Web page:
Tuesday, October 27, 2015

Elements of Storytelling: Theme, or "What Does it Mean?"

Ever been in a conversation where the person you were talking to looks at you with his eyelids all aflutter and his eyeballs rolling in his head, followed by the question, “What’s your point?”

Well, just like in that conversation, if your audience has the same reaction about your masterpiece then it’s usually an indication that something is wrong. And what is wrong is quite simple:

It didn’t mean jack.

That’s what theme is: what the story means. Not what it’s about (that’s the plot and other fun stuff), but what the whole overall purpose of why you just killed all those trees (or fried all those poor little electrons). And you better have a damn good reason for that mass murder; otherwise, Greenpeace and Save the Trees will be all over your ass.

Zap all the electrons you want, though. Nobody gives a crap about them.

Theme is arguably the most important element to a story. Yet, ironically, the more you sweat it the more likely you are to screw it up by getting too preachy. After all, fans only like a dash of sugar and cream in their otherwise pitch-black muck called life, er, uh, coffee. They tend to get testy when you add too much of the good stuff. It’s like supplying a crackhead with the crack he needs, except he’ll complain if you give him too much in addition to overdosing. The best way to handle theme is to simply not worry about what the story means until after your first draft. Let your subconscious guide that part, after all your Evil Twin knows best. It’ll be in the second draft and later edits that, to steal a line from the coolest character in Babylon 5, “The truth points to itself.” Try it; you might even surprise yourself during those rare moments when you discover that your subconscious disagrees with you.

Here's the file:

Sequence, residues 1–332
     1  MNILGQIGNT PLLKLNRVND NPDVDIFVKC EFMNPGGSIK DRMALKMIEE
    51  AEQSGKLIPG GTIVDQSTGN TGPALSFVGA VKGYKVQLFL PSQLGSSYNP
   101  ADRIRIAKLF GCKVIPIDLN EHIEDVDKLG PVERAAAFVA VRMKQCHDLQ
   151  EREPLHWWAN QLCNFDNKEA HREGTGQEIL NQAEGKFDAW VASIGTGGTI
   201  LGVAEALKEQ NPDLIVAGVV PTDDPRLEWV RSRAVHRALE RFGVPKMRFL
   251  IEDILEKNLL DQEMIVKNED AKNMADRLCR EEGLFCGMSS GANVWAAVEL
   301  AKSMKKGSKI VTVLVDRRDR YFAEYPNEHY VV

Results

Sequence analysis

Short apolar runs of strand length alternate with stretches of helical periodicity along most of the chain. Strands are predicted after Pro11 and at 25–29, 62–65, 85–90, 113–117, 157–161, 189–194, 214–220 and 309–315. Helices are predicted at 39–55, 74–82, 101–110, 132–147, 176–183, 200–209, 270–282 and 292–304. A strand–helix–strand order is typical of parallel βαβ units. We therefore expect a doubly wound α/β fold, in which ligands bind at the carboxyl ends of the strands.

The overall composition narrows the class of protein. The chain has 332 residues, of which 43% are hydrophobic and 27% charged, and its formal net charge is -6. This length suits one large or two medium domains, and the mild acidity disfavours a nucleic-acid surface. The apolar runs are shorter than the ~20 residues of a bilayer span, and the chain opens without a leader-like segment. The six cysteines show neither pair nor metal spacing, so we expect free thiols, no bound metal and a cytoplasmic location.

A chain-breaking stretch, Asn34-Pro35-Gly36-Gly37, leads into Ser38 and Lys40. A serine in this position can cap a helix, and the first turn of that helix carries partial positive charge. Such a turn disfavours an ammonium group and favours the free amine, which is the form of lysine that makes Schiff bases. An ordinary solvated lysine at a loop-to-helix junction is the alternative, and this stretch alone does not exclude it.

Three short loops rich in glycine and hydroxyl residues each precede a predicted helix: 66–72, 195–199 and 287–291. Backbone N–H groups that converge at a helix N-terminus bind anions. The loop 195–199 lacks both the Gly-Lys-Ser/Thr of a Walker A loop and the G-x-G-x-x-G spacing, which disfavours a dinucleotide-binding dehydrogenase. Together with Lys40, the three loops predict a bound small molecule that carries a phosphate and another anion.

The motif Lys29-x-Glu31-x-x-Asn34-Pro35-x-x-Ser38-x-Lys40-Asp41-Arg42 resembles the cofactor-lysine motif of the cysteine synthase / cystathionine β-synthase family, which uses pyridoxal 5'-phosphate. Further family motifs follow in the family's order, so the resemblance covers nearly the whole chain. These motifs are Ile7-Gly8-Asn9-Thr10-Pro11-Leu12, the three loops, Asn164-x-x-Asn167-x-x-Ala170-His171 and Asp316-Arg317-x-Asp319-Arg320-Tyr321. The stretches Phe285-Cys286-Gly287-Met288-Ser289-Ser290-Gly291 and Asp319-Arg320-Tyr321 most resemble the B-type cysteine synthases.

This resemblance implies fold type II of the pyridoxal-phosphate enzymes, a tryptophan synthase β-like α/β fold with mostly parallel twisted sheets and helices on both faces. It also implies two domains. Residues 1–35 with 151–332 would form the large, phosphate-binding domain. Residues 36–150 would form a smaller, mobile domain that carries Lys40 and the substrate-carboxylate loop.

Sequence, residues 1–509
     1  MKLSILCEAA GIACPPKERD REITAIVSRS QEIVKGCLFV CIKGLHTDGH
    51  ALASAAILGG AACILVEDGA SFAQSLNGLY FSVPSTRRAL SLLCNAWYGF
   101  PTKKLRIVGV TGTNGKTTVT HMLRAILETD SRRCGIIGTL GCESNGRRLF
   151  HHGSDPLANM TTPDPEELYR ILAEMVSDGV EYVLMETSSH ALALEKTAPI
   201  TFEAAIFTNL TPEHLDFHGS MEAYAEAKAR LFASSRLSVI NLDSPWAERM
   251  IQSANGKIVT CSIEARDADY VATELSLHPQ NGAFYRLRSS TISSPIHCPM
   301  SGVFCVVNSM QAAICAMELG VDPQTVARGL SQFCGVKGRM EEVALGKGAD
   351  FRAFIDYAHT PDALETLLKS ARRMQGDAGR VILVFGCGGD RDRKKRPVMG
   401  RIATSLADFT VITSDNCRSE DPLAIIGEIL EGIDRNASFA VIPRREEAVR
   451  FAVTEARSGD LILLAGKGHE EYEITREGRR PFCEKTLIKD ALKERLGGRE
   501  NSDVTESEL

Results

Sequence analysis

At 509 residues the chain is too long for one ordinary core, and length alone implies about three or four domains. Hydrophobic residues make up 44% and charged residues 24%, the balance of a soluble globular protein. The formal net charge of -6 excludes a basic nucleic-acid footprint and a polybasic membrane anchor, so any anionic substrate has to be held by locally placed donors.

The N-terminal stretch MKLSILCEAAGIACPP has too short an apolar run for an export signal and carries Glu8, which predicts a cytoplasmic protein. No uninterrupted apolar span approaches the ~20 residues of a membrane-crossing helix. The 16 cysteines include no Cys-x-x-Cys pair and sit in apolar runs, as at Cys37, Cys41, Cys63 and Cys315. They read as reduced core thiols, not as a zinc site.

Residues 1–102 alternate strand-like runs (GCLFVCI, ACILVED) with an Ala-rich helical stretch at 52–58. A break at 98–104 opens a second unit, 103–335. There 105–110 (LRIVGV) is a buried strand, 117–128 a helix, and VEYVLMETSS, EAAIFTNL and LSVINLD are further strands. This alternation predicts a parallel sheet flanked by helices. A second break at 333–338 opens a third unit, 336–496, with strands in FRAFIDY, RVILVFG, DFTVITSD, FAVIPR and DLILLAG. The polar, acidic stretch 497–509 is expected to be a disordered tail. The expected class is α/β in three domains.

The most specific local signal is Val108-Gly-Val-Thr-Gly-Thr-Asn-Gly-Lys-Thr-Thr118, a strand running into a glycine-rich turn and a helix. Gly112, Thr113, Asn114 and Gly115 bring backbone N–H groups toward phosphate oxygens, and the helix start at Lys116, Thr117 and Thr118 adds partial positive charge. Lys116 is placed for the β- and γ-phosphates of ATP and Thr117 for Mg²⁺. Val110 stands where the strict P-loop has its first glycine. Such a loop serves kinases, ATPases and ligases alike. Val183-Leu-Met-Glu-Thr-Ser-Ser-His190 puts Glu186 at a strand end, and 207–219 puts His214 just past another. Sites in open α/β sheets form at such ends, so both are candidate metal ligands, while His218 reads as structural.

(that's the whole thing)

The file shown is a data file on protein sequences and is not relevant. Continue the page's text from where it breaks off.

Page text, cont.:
Fortunately, for me, I’ve already delved into the whole concept of themes in a previous column titled Give it Meaning, thus saving my arthritic fingers from having to write half a dozen articles on that element alone. Don’t you just love the Internet?

Ah crap. That column is now a dead link. Don't you just hate the Internet?

Maybe the Internet is trying to tell me something....


  1. My subconscious never stops talking long enough for me to figure out if I agree or disagree.